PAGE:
- Cut duplication in health care treatment through elimination of preprocessing claims—$750,000. (See previous if A&M is directing this at DHH. If it’s the Office of Group Benefits, more on that momentarily.);
- New rate structure for patients requiring less attention than acute care but more than nursing home patients—$300,000. (Translation: cut medical benefits to the poor.);
- Holding pediatric day care facility owners and operators accountable for management—$154,000. (You mean we weren’t doing that already either? And please explain how this constitutes a savings.);
- Increasing occupancy bed rates—$2.5 million. (Say what? First of all, bed rates for what facilities? Second, we thought A&M was looking for savings, not increased revenue. Doesn’t that constitute a tax increase? And isn’t Jindal opposed to tax increases, even renewal of cigarette taxes? No, wait, this would be like the tuition increases, wouldn’t it? Not a tax increase, a fee increase. Different, right? Right. Got it.
We’re guessing the pea is under shell number two.
As the finale of her show and tell, Nichols proclaimed that A&M will work with the Office of Group Benefits (OGB) to find ways to make the agency more efficient.
Way to go, guys. You elbow your way in to take over what was very possibly the most efficient, well-run agency in the state to set up a revolving door of CEOs, a disappearing reserve fund balance and for the first time in many years, delays in paying claims. So now you bring in A&M to make things better—the same A&M that said the state should fire 7,500 New Orleans public school teachers following Hurricane Katrina. The state did, the teachers sued and the teachers won and now the state owes $1.5 billion as a result.
We took the four-year $5 million contract, subtracted 464 days for weekends and holidays and came up with a cost of something slightly north of $63,600 per day for A&M’s contract. At that rate, they better not be taking coffee and lunch breaks.
In unveiling his FY15 budget last week, Jindal released a nifty little PowerPoint presentation that showed the number of authorized positions in state government that had been cut during FY14. Not all the cuts resulted in layoffs, of course, because some positions that were eliminated were already vacant and there were also retirements that were not filled.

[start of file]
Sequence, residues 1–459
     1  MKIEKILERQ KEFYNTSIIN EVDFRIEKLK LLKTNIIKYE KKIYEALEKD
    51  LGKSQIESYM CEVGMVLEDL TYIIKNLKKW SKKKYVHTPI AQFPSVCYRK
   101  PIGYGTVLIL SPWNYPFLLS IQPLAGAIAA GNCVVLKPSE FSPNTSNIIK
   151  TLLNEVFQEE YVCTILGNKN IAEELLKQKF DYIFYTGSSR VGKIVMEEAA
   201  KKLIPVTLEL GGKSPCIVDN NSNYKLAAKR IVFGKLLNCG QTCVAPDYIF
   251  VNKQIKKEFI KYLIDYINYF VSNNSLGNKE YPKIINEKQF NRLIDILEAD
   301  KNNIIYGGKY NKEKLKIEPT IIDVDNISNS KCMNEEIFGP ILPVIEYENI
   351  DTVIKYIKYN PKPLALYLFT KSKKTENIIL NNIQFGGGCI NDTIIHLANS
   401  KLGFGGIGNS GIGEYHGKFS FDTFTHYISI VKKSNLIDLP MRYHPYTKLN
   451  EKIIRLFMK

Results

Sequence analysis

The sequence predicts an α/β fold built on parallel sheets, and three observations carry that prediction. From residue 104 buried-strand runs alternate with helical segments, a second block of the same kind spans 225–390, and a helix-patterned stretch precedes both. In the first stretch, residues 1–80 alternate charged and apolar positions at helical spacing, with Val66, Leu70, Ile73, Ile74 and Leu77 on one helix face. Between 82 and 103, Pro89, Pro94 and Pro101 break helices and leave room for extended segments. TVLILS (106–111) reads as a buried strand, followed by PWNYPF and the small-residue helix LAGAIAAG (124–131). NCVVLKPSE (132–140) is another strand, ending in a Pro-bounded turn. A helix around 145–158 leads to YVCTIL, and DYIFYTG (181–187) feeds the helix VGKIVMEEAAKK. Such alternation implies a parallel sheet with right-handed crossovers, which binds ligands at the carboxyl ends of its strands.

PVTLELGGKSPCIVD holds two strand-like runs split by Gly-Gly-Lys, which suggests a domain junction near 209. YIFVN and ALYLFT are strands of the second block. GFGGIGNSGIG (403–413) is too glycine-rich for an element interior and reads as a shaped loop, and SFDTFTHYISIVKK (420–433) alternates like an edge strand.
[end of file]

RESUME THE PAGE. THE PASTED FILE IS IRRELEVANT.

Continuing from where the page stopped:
The figures show that 10,088 positions have been eliminated during the current fiscal year. Of that number 946 were in DHH, 5,998 in the Health Care Services Division, and another 2,209 were in higher education.
But wait. That same PowerPoint shows that the Executive Department (that would be the governor’s office) added 60 positions. Wait. What? Added 60 positions? So much for Jindal’s demand of state employees to do more with less.
Civil Service records show that within the Division of Administration (DOA) alone, there are 64 positions that pay $100,000 or more—a total of more than $6.8 million. Nine more, including Jindal, who work in the governor’s office, earn in excess of $100,000 per year for a total of another $1.3 million. The two highest paid are Chief of Staff Paul Rainwater ($204,400) and Ray Stockstill, listed as Director for Planning and Budget ($180,000).
Stockstill previously worked in DOA as State Director for Planning and Budget before being named Assistant Commissioner in February of 2010. He retired from that $180,000 position, effective Christmas Day of 2010 and returned to his previous position as a re-hire two days later, thus allowing him to draw retirement in addition to the $180,000 he is being paid.
Those lofty numbers do not include other employees listed in the governor’s office but who work in such areas as the Governor’s Office of Homeland Security and Emergency Preparedness (GOHSEP) or the Office of Financial Institutions.
So, in the spirit of economy, here’s a rock-solid suggestion that is certain to save the state a boatload of money:
Bring the A&M suits into the governor’s office and DOA, give them a mandate to cut 50 percent of that $8.1 million—not necessarily layoffs but just tell those 73 people, including the governor, to do more with less—less salary, that is. Let those administrators who are so eager to throw the rank and file employees to the curb learn firsthand what sacrifice is all about. We’re certain that with the teeming civic spirit that oozes from the fourth floor of the State Capitol, there would be unanimous consent.
That, Ms. Nichols, really would make the A&M contract pay for itself.
Now just sit back and hold your breath until that happens.